Volume 5 Issue 11, November 2017
New Mind-Body Science of Depression
Members Download: TNPTVol5Issue11
Children who have been spanked by their parents by age 5 show an increase in behavior problems at age 6 and age 8 relative to children who have never been spanked, according to new findings. The study, which uses a statistical technique to approximate random assignment, indicates that this increase in behavior problems cannot be attributed to various characteristics of the child, the parents, or the home environment – rather, it seems to be the specific result of spanking.
A new wave of clinical science is emerging, grounded in neuroscience and fueled by trans-disciplinary fertilization. Our notions of the brain-mind, consciousness, change processes, technology, and psychotherapeutics are being upended and passionately revealed for researchers, theorists, practitioners and the curious who are interested in understanding and advancing science and practice. The Neuropsychotherapist challenges and inspires us to enter into this fertile new landscape.
Keep an eye on The Neuropsychotherapist for the integration of cutting edge science with mental health treatment and diagnosis as we push the envelope of theoretical synthesis and scientific consilience.
The Neuropsychotherapist provides cutting edge information on developments and research in the field. High quality information is beautifully presented and as such activates both hemispheres of the brain – a reading experience in the true sense of the word!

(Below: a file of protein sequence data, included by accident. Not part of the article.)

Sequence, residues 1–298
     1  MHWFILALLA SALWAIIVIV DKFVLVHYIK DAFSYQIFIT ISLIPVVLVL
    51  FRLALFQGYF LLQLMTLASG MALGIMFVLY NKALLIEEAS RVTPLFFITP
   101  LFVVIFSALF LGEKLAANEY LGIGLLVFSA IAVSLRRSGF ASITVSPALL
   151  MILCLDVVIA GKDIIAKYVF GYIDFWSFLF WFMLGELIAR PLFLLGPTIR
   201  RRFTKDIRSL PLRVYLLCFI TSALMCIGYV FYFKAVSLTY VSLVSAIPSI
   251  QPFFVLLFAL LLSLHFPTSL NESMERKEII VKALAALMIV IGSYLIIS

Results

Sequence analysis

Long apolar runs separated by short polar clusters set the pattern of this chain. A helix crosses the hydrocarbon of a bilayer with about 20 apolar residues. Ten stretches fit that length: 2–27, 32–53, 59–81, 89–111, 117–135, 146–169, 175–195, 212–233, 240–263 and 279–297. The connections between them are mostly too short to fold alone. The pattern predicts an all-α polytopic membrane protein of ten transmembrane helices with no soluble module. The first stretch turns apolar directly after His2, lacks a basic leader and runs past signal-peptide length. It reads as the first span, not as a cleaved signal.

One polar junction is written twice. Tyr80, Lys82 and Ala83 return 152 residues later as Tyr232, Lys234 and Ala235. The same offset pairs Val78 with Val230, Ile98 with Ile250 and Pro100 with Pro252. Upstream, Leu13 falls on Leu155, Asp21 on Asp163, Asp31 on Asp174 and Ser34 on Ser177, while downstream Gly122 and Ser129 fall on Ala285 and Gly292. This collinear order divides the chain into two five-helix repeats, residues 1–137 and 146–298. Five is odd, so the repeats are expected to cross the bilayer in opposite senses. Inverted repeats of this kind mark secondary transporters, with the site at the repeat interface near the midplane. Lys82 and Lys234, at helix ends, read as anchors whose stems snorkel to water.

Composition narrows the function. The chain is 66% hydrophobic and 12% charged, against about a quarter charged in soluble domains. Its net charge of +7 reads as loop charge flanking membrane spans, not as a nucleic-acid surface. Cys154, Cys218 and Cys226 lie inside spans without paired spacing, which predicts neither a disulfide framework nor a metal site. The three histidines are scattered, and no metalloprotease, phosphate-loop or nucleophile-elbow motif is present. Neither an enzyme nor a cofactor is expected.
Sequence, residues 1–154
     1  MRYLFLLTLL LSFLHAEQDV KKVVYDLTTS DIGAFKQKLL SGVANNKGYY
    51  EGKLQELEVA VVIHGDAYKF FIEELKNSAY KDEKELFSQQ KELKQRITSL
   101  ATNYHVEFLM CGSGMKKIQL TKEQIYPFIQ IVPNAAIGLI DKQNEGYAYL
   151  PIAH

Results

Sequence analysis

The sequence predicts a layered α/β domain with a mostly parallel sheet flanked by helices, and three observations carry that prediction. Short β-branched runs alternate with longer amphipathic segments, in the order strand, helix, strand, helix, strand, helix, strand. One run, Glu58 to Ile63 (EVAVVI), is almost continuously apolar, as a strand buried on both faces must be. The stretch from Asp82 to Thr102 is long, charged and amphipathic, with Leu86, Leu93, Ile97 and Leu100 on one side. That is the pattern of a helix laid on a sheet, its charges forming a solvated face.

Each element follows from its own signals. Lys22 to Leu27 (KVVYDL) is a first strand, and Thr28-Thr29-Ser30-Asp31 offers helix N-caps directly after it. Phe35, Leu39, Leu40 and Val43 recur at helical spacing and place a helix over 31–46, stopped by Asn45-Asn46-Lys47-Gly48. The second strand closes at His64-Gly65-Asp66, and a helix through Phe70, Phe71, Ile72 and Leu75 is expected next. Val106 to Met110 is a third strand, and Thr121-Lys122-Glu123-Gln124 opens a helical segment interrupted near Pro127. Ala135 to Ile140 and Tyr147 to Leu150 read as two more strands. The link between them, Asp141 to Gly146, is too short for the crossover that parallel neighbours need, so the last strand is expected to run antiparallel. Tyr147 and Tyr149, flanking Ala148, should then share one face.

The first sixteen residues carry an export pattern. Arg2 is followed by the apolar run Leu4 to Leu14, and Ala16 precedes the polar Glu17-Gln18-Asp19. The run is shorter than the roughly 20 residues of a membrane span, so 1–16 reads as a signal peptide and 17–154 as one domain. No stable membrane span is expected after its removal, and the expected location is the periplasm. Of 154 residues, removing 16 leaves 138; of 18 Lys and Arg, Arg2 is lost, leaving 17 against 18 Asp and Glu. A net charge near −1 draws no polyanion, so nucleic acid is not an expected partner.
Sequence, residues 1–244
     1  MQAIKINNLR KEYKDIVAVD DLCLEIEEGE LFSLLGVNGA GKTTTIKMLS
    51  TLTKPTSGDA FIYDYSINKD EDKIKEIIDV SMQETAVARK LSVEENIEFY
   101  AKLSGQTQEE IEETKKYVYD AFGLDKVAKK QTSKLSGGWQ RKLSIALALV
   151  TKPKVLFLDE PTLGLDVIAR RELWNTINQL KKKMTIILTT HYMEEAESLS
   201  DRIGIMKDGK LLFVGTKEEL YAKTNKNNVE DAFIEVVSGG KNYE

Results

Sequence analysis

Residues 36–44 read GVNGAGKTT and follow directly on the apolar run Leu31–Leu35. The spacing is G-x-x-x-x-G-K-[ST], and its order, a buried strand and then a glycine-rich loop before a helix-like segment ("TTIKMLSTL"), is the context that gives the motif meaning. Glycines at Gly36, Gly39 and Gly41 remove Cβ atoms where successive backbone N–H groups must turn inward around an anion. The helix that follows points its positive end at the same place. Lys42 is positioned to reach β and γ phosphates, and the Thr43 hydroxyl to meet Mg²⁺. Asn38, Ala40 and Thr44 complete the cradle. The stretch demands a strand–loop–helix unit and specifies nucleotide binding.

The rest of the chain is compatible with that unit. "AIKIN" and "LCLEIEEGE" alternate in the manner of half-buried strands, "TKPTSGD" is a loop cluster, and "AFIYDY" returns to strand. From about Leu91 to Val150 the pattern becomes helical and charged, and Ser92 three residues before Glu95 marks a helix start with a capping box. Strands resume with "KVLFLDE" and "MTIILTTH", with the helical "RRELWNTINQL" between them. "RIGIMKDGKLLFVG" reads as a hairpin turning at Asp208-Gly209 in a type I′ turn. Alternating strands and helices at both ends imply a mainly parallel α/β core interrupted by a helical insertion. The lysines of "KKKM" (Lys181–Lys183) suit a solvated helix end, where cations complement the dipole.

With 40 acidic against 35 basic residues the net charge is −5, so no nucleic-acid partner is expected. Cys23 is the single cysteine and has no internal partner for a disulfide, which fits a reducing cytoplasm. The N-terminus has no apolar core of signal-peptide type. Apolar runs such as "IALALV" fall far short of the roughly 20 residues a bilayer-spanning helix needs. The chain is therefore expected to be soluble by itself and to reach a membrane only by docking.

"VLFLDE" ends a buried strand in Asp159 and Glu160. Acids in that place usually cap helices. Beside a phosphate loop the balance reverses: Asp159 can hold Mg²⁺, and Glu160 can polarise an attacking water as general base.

The Neuropsychotherapist? Nomen est omen! This is a unique and exciting journal for both clinicians and basic clinical scientists. It focuses on a gap in the current literature and our knowledge, the step from the brain to psychotherapy. Hence it is right there where the action is, at the forefront of novel neuropsychotherapetic developments.
The Neuropsychotherapist has become my go-to destination for authoritative articles by the leading figures at the intersection of neuroscience and psychotherapy. Beyond this, the outstanding production qualities of this journal put it in a class of its own.
The Neuropsychotherapist is a joy to view and at the same time manages to provide a veritable cornucopia of up-to-the minute of information on our growing knowledge of the in interface between the brain, behavior, and the therapy. Presented in accessible language for therapists and scientists alike, it is a remarkable addition to our field!